Would you like to add anything else about your experiences with VOSH? Perhaps you could share a brief story or experience that affected you during a VOSH clinic?
I had one very impactful experience during a VOSH clinic in Kenya. We were wrapping up for the evening and some of the local volunteers ran in as we were cleaning up to tell us that a blind man had been traveling all day by himself to see us in the hopes that we could get him a pair of glasses to help him see again. After I completed his exam, I had to give him the difficult news that he had end-stage glaucoma and couldn’t regain his sight, even with glasses. He was shocked, and his first question was, “does that mean I’ll never get to read my Bible again?” I nearly started crying from his devastated tone. After returning home, I couldn’t stop thinking about this gentleman and how his hopes had been shattered. I was talking to my Mom about the situation, and she suggested that we send him an audio Bible. Unfortunately, since he came in after the clinic was “closed,” I didn’t have any information about him; I didn’t even know his name. I reached out to two of the local volunteers and after several weeks they were able to track him down! They ultimately ensured that he received the audio Bible and walking cane that we had sent and they even sent a video of the exchange. He was overjoyed when he heard the audio Bible start. If it weren’t for the kindness and generosity of those around me, I probably still would be wondering about this man. It was inspiring to see people come together across continents to help someone in need.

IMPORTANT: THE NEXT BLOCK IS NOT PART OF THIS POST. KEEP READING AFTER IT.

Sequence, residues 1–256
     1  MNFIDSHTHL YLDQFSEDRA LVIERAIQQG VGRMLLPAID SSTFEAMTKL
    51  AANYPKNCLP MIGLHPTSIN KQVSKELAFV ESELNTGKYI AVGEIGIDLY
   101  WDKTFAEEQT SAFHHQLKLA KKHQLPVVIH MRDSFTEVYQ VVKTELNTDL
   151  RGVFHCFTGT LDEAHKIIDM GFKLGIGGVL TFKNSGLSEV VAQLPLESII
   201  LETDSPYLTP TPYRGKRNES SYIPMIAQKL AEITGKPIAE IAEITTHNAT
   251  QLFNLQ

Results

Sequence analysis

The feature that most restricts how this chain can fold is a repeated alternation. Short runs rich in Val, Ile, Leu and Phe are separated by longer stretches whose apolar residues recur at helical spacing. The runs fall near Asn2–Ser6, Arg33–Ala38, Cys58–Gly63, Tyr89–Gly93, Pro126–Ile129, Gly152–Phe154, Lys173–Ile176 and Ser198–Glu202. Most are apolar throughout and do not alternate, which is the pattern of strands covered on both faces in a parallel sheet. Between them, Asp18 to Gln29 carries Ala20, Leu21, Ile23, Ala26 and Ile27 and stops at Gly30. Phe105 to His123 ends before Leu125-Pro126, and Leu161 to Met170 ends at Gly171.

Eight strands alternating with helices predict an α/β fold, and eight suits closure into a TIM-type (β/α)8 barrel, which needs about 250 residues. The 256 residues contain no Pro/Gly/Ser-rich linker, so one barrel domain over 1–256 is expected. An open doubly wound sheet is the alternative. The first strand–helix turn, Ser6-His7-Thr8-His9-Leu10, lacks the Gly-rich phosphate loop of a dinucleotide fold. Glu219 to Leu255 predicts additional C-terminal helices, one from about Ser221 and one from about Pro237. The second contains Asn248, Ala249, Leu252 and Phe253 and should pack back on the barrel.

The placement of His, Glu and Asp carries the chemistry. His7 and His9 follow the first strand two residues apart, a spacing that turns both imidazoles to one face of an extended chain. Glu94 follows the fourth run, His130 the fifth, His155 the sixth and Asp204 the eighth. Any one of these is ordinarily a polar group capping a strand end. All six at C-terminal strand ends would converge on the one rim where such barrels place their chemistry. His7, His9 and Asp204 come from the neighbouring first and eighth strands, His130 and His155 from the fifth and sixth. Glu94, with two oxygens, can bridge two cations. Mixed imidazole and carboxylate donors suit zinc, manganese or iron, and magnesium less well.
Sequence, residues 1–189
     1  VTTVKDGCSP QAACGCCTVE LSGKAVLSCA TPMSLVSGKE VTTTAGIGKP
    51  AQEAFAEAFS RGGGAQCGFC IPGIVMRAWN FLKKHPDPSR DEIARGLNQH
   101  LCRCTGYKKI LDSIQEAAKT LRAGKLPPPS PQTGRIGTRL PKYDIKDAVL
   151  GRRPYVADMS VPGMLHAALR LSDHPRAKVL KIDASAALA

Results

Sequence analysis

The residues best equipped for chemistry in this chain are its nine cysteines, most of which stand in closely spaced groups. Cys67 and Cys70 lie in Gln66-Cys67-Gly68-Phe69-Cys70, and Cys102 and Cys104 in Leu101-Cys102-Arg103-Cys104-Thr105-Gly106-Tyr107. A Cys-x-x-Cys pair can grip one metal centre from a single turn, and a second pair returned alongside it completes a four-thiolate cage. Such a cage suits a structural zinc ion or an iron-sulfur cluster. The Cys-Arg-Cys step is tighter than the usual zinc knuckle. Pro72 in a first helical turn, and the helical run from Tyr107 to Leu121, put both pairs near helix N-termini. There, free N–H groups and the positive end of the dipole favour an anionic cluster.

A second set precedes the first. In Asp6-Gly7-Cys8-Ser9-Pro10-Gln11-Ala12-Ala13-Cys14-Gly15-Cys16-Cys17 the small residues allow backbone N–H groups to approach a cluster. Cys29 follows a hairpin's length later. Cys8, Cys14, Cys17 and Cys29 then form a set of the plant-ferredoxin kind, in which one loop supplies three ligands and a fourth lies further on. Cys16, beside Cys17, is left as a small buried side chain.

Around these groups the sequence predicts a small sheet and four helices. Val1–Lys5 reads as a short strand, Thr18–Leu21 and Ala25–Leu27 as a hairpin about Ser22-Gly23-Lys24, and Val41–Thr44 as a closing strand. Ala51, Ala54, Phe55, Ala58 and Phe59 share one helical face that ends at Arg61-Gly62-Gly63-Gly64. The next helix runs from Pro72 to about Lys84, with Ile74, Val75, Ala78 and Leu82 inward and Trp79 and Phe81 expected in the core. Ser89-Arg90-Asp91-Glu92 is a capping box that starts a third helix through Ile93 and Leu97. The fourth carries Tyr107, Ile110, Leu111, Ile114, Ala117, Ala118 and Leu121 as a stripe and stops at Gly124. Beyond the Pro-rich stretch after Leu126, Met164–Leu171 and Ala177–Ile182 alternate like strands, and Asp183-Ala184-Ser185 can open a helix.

What else do you do other than VOSH related activities? What do you do in your spare time? What do you do for fun?
I really enjoy exercising! I try to do at least one running/cycling/triathlon race per year, so I’m typically training for something, which keeps it exciting and fresh!